The rental people actually put us in their car and drove us to a National Car rental place that was about five minutes away. Thank goodness for well known brands. We managed to rent a good car, rather than the crappy, old beat up Nissan we were going to get from the other place, at a decent price with drop off right by our resort. This really changes our plans for this whole month, but at least we did not get scammed.
While we were renting the car the US versus Panama soccer match was on. A cop at the rental place realized I was an American and was making fun of me while I was there.
After we got the car rented we were ready to get on the road, finally. It was five thirty. Originally our plan was to have gotten to our resort no later than six. Talk about our plans being messed up.
The drive out west to Rio Hato took much longer than we were guessing that it would but the drive was interesting. We got to cross the very famous bridge over the Panama Canal which was very cool. It is amazing how Panama City is one of the densest, most vertical cities I have ever seen and how, the instant you cross the bridge, you go from solid high rises to trees and nothingness.
The drive west is a slow go with slightly crazy drivers. Nothing too bad but you know that you are not in the US or Europe, very different driving from either of those places.
After more than an hour of driving we found the town of Coronado which I had seen on a YouTube show in December. This is a town famous for catering to Americans and being full of American restaurants and places to buy American products. We had heard good things about the grocery store here, the Rey, and we were looking for some food so we stopped there as there was really nothing but a few McDonald’s to stop at along the way without stopping at a truly traditional open air Central American shack restaurant – which is probably quite good but we have no idea what to expect and are not about to do that today.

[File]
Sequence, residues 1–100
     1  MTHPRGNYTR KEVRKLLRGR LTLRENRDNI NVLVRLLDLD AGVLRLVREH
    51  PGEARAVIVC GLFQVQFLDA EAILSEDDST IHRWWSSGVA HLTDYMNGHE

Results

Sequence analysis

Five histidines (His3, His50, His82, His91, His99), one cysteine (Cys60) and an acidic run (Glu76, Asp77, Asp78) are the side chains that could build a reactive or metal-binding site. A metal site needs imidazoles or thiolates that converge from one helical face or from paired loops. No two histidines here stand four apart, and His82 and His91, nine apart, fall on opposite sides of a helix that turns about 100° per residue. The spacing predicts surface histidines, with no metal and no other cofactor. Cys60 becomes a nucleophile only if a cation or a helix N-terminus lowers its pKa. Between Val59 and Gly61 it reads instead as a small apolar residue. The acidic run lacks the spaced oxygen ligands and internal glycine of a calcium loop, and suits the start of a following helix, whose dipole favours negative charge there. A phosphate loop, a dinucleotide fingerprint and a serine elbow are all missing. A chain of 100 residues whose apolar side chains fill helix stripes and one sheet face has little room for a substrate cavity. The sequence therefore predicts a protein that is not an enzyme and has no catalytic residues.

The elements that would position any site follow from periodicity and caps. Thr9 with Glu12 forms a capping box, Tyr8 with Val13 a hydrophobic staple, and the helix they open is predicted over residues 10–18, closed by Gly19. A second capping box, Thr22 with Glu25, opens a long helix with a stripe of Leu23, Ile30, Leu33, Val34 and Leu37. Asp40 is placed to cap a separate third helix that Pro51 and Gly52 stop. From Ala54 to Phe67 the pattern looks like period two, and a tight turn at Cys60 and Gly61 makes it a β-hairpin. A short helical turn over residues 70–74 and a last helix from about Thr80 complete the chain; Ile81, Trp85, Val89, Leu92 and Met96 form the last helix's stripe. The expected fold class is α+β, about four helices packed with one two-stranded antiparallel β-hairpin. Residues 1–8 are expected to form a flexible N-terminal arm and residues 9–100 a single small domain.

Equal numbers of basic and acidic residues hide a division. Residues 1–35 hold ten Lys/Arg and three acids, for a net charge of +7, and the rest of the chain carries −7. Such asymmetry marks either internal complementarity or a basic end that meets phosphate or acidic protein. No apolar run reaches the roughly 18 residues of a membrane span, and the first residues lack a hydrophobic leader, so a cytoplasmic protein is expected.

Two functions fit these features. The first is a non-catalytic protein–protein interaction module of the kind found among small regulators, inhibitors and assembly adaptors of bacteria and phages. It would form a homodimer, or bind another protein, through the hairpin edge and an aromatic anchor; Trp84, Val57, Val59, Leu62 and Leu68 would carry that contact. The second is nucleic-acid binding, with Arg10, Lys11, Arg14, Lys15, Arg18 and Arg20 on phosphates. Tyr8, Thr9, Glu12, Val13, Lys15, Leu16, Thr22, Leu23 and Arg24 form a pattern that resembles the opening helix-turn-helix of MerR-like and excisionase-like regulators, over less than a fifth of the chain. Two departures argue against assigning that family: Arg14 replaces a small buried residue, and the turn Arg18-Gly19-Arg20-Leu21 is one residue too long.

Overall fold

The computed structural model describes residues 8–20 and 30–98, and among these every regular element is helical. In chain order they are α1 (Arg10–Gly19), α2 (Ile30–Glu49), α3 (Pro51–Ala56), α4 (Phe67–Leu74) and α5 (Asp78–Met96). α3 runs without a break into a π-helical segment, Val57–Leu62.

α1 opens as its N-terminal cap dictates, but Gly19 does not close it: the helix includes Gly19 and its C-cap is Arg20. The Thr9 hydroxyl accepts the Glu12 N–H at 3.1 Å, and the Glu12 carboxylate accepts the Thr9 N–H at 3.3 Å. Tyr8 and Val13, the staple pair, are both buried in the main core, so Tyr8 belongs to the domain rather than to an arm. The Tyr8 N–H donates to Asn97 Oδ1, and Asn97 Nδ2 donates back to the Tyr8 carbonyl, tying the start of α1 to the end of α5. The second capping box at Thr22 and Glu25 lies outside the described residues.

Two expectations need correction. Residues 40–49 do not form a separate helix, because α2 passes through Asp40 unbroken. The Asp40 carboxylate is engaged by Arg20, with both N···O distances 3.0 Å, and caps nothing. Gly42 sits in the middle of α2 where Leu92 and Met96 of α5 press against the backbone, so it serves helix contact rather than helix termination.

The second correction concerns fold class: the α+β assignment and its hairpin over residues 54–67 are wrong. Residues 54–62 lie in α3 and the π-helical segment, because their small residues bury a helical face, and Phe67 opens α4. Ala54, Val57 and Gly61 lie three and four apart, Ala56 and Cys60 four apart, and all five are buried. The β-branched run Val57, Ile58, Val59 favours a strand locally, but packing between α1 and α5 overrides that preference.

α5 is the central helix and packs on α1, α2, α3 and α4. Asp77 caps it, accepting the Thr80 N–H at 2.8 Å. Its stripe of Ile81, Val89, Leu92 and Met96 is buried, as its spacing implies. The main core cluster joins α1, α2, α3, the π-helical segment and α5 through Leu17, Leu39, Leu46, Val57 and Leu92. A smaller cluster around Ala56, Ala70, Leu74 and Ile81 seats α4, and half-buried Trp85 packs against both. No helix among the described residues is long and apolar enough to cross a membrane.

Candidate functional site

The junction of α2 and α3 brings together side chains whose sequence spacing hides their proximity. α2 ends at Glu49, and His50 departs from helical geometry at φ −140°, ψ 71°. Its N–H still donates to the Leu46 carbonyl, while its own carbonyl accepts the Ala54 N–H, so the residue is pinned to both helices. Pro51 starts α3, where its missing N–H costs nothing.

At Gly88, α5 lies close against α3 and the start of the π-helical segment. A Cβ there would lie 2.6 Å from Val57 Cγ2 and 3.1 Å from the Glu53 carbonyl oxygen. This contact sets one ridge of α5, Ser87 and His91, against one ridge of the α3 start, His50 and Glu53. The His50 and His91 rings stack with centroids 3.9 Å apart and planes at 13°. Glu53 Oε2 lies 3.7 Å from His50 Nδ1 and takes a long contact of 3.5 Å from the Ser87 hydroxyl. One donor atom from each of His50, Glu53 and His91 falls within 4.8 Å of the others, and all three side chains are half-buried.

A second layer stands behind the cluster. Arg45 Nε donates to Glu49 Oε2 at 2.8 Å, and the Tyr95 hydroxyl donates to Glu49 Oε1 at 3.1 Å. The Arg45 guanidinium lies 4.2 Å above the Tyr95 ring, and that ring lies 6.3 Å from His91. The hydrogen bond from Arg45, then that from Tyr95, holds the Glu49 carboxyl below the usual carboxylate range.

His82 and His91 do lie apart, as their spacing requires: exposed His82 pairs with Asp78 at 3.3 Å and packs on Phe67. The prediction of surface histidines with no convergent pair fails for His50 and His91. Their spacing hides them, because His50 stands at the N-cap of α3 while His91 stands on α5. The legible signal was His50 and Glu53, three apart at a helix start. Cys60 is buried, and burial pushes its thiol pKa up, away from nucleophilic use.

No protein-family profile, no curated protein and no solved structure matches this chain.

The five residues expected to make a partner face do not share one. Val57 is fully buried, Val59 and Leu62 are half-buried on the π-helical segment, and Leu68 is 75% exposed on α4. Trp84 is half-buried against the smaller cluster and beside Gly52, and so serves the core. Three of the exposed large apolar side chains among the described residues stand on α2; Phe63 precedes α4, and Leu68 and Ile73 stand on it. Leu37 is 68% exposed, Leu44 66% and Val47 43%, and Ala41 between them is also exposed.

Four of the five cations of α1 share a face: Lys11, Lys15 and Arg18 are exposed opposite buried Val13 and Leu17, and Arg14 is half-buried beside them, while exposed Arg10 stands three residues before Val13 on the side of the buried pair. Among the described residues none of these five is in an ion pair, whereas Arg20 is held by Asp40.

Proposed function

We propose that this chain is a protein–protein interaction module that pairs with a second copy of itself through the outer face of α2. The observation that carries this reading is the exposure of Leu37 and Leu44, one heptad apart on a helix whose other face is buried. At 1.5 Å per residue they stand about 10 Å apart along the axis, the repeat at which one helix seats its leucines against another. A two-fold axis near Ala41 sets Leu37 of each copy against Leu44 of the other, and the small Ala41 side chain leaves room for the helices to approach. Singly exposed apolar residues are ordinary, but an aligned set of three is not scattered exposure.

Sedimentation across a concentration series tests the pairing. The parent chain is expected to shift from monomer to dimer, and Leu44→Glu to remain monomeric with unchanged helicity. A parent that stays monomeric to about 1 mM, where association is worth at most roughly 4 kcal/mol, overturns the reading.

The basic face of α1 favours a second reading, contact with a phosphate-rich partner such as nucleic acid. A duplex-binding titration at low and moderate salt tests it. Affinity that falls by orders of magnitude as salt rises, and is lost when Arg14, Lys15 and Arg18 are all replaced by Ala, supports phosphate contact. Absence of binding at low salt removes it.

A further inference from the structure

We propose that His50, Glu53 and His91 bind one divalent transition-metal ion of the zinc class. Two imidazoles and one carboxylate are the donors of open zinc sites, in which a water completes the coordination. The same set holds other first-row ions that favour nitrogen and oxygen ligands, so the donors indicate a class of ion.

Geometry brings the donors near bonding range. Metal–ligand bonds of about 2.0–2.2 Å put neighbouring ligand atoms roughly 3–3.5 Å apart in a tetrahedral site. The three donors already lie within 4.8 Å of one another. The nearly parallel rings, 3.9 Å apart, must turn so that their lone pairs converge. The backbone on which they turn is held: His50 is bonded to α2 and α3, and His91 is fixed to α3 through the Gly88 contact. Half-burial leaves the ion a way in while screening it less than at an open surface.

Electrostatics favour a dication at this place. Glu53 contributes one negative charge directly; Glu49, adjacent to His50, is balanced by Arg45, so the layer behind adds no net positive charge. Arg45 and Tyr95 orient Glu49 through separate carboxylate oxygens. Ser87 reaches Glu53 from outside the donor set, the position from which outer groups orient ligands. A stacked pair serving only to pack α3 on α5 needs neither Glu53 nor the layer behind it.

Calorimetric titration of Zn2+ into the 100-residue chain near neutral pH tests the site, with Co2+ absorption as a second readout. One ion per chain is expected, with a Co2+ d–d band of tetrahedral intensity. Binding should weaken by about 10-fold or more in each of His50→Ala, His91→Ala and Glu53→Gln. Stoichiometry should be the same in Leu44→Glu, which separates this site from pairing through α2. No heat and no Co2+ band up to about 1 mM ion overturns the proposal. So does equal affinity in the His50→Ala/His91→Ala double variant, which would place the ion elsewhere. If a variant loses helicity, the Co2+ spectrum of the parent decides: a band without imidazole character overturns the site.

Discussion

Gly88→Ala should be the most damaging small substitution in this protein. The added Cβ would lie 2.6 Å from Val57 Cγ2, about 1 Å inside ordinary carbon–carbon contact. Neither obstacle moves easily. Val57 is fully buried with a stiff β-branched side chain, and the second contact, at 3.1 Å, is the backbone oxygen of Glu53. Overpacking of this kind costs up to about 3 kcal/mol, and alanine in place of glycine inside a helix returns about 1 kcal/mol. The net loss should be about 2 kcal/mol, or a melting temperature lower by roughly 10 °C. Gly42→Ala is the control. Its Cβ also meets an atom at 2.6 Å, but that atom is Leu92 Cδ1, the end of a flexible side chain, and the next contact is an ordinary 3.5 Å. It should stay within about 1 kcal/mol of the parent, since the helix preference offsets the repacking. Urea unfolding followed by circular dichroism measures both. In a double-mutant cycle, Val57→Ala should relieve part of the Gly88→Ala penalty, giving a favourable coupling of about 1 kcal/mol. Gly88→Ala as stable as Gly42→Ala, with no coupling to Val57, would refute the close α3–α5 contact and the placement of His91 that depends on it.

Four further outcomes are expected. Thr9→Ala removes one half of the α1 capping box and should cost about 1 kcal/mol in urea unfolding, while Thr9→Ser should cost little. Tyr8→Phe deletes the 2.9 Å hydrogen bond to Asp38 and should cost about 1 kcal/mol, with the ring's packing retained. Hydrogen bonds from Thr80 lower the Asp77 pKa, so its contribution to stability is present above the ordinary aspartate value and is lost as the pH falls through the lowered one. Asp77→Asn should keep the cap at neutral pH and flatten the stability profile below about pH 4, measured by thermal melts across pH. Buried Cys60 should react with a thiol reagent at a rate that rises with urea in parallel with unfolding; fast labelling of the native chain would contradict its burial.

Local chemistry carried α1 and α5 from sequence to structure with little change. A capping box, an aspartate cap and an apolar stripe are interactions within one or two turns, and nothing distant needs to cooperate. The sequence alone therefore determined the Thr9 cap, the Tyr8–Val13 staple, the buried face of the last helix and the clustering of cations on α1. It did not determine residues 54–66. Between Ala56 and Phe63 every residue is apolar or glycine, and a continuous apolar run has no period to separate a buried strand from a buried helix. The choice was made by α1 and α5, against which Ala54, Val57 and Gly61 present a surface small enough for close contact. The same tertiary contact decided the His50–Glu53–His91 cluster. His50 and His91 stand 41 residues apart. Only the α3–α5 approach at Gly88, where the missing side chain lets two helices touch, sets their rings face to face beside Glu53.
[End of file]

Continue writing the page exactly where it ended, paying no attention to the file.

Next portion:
We tried to eat at the McDonald’s but they sell nothing but meat here. So that didn’t work. I went into the grocery store and got us some basic supplies to make sure that we are good for a day or two. Then I ran into the Subway and got us subs to go. Then back on the road.
From Coronado it was about another half an hour to Rio Hato and the Playa Blanca Resort. We were able to find it without any problem. Although the signage was a little hard to follow and at the last second it was like “oh THIS is the turn” and the moment that that happened, in the darkness, it turned out that a herd of cattle was crossing the road. Had we not been turning into the resort we would have gone right into the side of twenty cows!!! We are certain we would have had a horrendous car accident had that not been our turn right that second. As it was we were feet from the cows in the darkness. They were everywhere blocking the highway – the biggest highway in the country with a posted speed limit of 100kph. People could hit that cattle really fast and have no idea that something was in the road. There are no lights.
We got into the condo without any problem. We have our own parking spot, the keys worked, we had no issues at the gate; it was all very simple. We unloaded all of the luggage and got into the apartment. It’s a really nice place. Lots of space, two separate suites one for the girls and one for us. Big open living space. Nice balcony. It is dark but I think that we have ocean views too.
It gets dark very “early” here because it is almost at the equator and at the height of summer the days are only barely longer than twelve hours. It’s weird. And the day ends early because we are on Central American Time which is locked to Central Time in the US, but longitudinally we are so far east that we are directly under Rochester, NY. So the sun sets nearly an hour shifted, here.
We were exhausted. We did not go outside or do anything. Pretty much we were all straight off to bed once we had gotten online and made sure that the Internet was working and everything. Tomorrow we need to go grocery shopping for real and stock up on stuff. We only have the rental car until Monday midday so we are going to be, more or less, stranded out here without a car most of the time. That is going to make a lot of things very logistically difficult.